The iClima Distributed Renewable Energy Index was first published in March 2021. In June this year the iClima Distributed Renewable Energy UCITS ETF, which tracks the latter index, listed on the London Stock Exchange, and was the world’s first ESG UCITS ETF.
The fund provides exposure to 50 companies in seven segments promoting the decentralisation of energy generation. Distributed renewable generation is the ecosystem that allows green energy to be created and managed close to the point of use, for example at home. iClima believes grids will be dramatically different in the next 10 to 20 years.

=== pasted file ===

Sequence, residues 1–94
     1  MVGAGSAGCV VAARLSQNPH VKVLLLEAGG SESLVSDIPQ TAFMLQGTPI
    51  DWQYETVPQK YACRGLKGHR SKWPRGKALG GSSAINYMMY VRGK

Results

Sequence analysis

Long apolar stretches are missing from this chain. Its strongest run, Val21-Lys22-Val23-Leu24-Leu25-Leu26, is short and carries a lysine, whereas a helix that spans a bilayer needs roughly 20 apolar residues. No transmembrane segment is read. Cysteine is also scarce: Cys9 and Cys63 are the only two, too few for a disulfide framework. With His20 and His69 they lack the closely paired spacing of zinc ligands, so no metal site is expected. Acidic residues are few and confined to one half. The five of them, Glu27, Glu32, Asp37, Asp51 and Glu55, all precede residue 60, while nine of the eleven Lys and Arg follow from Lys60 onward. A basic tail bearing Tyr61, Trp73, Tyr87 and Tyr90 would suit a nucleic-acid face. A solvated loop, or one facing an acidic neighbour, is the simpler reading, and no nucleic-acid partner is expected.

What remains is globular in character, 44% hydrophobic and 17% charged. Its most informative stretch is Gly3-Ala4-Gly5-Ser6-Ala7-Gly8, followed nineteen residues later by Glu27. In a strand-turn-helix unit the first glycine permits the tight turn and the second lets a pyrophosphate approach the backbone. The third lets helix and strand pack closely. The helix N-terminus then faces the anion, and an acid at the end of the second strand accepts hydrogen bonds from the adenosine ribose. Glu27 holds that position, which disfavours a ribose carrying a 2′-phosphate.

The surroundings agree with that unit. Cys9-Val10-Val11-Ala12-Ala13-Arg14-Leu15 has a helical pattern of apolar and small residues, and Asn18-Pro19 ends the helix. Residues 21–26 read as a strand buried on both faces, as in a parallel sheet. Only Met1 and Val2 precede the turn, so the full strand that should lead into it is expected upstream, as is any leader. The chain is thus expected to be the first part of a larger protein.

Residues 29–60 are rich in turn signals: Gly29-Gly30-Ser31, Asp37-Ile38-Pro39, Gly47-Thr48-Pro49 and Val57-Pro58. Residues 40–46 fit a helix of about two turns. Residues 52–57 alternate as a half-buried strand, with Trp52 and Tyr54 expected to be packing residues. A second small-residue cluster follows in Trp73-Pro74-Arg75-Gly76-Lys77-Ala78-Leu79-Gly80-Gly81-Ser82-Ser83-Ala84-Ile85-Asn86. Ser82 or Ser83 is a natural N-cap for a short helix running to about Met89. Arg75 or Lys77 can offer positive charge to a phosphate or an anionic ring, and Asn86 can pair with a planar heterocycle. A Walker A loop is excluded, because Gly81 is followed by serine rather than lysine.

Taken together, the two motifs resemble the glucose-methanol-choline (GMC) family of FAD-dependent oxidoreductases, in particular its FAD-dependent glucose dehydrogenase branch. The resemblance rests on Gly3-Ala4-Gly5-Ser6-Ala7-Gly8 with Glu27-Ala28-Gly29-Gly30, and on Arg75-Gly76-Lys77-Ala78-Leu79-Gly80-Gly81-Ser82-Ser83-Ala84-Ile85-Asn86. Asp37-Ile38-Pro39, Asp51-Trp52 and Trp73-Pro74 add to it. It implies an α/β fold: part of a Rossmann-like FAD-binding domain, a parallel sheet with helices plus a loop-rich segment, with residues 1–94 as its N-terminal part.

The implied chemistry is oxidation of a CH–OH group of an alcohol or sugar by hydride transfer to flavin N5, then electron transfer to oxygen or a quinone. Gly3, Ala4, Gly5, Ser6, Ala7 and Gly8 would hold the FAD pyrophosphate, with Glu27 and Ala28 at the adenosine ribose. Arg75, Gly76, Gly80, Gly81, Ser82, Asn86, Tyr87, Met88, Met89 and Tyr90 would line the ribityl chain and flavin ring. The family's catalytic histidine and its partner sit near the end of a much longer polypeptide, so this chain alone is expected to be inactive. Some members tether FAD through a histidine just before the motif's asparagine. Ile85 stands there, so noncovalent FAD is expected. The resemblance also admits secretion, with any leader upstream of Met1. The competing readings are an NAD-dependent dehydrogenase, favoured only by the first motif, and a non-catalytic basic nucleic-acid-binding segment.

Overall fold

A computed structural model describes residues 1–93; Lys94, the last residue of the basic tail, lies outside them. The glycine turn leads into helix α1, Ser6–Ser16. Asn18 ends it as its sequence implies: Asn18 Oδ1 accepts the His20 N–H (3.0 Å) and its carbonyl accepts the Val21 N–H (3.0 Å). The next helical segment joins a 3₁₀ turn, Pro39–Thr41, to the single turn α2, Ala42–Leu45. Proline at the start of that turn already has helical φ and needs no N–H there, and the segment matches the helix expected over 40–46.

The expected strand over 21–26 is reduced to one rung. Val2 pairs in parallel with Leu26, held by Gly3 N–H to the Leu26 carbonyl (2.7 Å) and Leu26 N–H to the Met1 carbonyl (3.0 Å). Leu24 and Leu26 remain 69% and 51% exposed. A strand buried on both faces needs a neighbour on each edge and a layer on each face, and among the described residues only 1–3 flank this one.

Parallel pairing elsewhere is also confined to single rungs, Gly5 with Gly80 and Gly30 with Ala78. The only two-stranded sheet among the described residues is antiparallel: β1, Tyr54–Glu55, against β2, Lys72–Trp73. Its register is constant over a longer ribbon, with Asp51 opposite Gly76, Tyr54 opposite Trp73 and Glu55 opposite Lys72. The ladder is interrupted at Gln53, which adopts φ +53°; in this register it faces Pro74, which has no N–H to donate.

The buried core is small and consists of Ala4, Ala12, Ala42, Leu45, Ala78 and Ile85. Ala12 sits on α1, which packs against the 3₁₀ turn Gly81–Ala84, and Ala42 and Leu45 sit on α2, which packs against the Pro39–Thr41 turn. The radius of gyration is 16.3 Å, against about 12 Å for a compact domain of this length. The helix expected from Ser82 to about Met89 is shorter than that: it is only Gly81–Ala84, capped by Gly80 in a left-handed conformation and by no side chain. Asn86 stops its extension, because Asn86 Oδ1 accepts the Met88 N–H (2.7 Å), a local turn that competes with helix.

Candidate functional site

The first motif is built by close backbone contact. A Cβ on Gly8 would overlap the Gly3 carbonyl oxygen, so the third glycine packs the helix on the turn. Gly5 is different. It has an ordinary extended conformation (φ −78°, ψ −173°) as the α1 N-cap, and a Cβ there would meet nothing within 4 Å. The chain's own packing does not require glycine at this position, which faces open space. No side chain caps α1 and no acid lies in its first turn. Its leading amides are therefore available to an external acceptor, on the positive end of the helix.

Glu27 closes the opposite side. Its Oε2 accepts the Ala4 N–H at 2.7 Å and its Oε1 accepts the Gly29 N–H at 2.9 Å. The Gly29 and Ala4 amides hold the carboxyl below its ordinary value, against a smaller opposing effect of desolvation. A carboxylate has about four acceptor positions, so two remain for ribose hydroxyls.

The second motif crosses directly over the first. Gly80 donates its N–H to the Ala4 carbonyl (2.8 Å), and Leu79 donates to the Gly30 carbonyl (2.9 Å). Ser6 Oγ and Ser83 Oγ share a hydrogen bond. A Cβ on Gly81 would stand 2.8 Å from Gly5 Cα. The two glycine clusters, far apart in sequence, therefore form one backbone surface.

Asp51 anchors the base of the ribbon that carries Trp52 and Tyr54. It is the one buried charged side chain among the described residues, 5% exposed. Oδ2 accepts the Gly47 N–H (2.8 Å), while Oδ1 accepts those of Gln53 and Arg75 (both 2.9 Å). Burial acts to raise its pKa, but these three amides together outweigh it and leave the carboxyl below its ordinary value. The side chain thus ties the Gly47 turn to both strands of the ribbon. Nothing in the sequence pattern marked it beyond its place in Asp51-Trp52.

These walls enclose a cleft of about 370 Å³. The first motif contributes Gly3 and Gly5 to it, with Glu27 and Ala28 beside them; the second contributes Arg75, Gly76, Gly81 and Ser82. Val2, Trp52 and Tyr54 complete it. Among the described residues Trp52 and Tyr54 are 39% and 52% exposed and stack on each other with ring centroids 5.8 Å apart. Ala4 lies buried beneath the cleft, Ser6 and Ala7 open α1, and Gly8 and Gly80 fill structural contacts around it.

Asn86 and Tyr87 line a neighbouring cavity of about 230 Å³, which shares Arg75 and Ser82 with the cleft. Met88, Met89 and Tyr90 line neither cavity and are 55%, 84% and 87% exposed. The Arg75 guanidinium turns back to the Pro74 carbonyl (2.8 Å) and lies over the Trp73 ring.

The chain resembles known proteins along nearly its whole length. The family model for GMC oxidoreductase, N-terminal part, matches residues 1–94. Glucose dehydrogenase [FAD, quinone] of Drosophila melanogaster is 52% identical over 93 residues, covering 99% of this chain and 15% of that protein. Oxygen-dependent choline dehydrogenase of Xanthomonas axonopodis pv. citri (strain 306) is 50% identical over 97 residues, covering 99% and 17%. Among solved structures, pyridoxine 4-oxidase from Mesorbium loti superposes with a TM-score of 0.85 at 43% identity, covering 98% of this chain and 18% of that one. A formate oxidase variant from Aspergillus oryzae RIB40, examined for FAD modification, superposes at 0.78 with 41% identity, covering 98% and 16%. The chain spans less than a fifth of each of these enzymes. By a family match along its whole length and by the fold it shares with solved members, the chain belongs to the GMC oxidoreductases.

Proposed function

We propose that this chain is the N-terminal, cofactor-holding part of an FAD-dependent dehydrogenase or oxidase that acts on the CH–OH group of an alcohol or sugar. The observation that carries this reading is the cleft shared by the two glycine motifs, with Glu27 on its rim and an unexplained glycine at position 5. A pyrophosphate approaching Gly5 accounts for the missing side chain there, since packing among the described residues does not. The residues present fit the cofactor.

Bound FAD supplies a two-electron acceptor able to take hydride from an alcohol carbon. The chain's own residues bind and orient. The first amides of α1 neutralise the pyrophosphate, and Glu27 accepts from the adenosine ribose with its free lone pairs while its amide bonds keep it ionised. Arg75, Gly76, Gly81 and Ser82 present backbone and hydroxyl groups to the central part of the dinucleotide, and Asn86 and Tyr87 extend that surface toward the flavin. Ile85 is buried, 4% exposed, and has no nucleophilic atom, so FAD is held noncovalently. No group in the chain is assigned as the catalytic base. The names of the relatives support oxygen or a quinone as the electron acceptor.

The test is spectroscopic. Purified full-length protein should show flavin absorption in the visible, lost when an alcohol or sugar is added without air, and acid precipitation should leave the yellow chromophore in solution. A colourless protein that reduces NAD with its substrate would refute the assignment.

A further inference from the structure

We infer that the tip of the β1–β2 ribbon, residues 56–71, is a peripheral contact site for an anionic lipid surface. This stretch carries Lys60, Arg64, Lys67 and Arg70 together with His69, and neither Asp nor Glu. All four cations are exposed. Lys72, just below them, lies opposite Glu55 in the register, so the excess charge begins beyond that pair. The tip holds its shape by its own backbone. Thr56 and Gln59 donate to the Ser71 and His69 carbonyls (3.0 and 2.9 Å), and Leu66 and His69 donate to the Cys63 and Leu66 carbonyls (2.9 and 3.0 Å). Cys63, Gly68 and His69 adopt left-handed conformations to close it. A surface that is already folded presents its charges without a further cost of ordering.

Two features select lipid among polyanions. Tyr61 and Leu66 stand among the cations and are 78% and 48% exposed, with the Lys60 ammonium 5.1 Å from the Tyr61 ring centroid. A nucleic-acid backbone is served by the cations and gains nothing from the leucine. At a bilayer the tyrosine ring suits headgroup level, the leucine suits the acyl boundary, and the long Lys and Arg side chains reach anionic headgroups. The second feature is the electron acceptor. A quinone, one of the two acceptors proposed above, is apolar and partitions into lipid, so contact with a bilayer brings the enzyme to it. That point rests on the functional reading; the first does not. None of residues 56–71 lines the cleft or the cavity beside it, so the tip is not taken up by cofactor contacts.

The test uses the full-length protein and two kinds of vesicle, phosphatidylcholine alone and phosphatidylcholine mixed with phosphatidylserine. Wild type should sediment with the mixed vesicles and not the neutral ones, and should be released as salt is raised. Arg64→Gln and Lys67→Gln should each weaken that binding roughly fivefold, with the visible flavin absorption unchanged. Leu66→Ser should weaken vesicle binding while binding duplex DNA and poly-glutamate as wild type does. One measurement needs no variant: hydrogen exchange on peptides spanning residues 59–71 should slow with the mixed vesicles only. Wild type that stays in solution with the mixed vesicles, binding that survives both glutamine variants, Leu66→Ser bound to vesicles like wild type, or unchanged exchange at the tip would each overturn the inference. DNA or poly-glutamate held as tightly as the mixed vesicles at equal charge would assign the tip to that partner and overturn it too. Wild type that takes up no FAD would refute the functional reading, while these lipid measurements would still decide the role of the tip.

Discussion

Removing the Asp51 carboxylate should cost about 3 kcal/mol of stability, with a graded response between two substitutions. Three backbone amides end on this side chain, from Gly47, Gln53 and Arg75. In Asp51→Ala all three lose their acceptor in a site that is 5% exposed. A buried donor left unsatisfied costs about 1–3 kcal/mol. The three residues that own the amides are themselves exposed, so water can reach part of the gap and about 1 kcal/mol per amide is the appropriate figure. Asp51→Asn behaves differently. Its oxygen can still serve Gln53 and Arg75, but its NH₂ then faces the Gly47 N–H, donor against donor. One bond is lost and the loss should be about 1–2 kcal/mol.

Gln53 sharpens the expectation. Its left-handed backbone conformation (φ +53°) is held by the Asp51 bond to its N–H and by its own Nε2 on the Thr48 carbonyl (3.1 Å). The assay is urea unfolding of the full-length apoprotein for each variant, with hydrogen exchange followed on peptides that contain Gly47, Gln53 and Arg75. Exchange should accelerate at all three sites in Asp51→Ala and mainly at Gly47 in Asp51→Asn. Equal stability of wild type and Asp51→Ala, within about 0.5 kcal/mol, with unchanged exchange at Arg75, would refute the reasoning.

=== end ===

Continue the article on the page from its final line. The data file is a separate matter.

“We will phase out the centralised fossil fuel-based structure and replace that with a modern, decentralised smart grid with material distributed generation based on renewable energy,” added iClima. “To date, our equity benchmark is the only one that represents this megatrend offering investors exposure to the future of how global energy is generated, distributed and consumed.”
Herculano says iClima’s main goal for the next 12 months is to make it easier for investors to find companies who are innovating for climate change and for them to feel strongly that iClima is taking a thoughtful and relevant approach.
Her advice to becoming a successful entrepreneur is that you have to wake up every day and think you’d rather not be doing anything else.
“You have to go with your passion because it is obvious if it is not there, and it’s not easy to work 24/7,” she said. “My co-founder and I have three kids and once we put them to bed, we zoom until midnight.”